White Shepherd Myths

A long time ago, it was thought that shepherds of white coat color were albinos, and that they had and would produce health problems often seen in albinos of other specifics, such as deafness. It was also thought that the white coat color would “dilute” the coat colors of dark-colored dogs if bred to them. Both of these concerns are false and have no basis in scientific fact.

“Albino” is a term that many people find confusing. Some think it is a synonym for white, and refer to any dogs that are white with some color as “part albino” (which isn’t possible). Others know that albino animals are white with pink eyes, which is true, but not the whole story. A pure white animal, with pale pink skin and pink eyes, is an albino (technically known as tyrosinase-negative). This is a recessive gene (genetic notation is “c”), so a dog would need two copies for it to show. These animals have no color whatsoever – not even skin spots. White shepherds have an “e/e” genotype at the MC1R gene or E locus, which keeps the coat from having color except for red. This would be why some white shepherds have a cream or buff color on them, but they do have skin and eye pigment, and thus are not tyrosinase-negative (albino).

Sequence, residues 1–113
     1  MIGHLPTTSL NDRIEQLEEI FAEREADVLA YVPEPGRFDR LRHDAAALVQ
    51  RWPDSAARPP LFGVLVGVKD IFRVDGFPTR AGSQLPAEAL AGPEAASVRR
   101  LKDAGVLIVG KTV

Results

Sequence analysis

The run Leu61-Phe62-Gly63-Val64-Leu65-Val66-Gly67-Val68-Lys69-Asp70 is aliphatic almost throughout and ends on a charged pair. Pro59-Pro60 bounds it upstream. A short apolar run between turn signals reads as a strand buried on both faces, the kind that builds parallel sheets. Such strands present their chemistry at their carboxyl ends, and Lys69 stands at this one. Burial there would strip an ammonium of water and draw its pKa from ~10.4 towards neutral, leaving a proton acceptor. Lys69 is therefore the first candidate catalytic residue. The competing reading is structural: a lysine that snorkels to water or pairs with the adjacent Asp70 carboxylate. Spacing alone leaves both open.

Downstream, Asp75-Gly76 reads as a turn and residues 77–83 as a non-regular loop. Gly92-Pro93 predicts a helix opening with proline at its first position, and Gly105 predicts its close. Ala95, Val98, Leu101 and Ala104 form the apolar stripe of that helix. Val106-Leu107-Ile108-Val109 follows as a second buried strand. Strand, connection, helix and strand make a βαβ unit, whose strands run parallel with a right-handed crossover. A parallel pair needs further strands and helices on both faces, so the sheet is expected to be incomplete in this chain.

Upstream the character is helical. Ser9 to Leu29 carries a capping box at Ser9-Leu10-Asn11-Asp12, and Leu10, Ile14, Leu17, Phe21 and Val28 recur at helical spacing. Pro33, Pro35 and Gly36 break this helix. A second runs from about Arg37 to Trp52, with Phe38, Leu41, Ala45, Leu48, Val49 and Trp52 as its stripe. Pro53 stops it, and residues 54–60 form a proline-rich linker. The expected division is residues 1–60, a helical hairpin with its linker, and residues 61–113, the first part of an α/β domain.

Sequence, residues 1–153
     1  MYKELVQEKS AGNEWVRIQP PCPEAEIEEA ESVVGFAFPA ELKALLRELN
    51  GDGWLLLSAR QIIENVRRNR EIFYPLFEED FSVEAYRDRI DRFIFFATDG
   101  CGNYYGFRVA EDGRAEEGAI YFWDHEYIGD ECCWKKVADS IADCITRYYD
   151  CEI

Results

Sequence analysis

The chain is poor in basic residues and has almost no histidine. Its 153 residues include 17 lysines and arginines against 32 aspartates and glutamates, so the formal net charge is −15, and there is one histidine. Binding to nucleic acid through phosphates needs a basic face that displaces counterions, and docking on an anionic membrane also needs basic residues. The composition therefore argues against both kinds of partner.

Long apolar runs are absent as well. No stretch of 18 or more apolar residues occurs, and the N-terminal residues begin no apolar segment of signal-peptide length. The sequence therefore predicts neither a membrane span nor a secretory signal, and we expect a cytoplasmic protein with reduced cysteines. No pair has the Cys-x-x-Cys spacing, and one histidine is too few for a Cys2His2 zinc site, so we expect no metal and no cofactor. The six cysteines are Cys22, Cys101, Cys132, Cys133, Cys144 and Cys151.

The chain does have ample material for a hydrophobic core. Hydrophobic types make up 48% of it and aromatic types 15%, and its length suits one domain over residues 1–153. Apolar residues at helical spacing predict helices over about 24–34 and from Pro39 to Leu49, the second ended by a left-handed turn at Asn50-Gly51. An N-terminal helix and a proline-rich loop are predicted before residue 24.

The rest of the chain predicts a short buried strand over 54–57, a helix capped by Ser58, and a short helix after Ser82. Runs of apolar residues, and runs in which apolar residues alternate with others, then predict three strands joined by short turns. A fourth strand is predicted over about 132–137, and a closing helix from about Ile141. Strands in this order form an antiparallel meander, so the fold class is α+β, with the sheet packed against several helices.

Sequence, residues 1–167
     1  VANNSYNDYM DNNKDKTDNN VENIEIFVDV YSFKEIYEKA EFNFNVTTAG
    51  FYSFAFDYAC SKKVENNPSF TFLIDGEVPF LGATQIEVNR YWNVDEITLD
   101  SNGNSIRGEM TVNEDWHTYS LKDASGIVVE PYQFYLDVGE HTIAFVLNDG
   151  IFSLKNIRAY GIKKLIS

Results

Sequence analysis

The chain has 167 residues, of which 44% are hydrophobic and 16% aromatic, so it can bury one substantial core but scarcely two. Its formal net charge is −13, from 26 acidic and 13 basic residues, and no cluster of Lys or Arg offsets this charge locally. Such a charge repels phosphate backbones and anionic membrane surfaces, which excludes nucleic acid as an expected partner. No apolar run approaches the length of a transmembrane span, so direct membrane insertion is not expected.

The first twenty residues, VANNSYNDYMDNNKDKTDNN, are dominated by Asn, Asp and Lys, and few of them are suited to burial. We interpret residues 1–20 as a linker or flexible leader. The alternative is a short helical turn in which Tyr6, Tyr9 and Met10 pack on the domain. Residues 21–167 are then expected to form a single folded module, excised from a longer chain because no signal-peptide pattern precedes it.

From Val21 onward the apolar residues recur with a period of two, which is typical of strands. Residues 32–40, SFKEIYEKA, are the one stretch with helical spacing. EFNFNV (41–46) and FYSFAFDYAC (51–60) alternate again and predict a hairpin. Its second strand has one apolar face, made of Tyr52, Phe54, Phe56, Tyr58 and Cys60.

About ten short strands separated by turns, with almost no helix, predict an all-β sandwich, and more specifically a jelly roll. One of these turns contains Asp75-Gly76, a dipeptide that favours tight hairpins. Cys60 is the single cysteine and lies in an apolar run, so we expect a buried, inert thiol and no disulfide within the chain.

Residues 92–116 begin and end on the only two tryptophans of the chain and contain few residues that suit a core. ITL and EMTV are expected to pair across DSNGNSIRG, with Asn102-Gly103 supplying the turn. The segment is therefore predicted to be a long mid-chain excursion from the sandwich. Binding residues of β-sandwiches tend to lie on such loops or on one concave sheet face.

Although the canine genome is currently still being researched, no proof has been produced to tie white coat color to the production of diluted offspring when bred to a colored parent. Dogs that are white coated in and of themselves are not necessarily able to produce liver- or blue-colored coats, which are considered dilutes. The allele that produces the white coat color is a recessive marking gene, and a white shepherd bred to a colored (coated) dog will produce a combination of whatever color it is masking, along with the color the other parent carries. In other words, a white dog bred to a black dog will not produce a grey (blue) dog, unless one of the parents already carries the gene to produce grey (blue).

Some people argue that white shepherds are genetically inferior representations of the German shepherd dog. White shepherds are bred to a different breed standard and have a distinctly separate physical type as compared to both the American lines of German shepherd dog, as well as typical working lines of German shepherd. Examples of this is the white shepherd breed standard calling for less angulation in the front and rear hip and shoulder bone structure, the desire for flat toplines, and the acceptability in the conformation ring to have either plush or long coats. These differences give white shepherds an overall more square and upright look as compared to the show lines of German shepherd dog, and they have a very different side gait when comparing movement. Now talking of comparisons: when comparing an equal quality show white shepherd and a show German shepherd dog, the differences in the 2 breeds become very obvious. Relating to health, since genetically the two breeds are identical (with the exception of the coat color allele), any known genetic anomalies a White Shepherd will have actually would come from its German shepherd genetic base.

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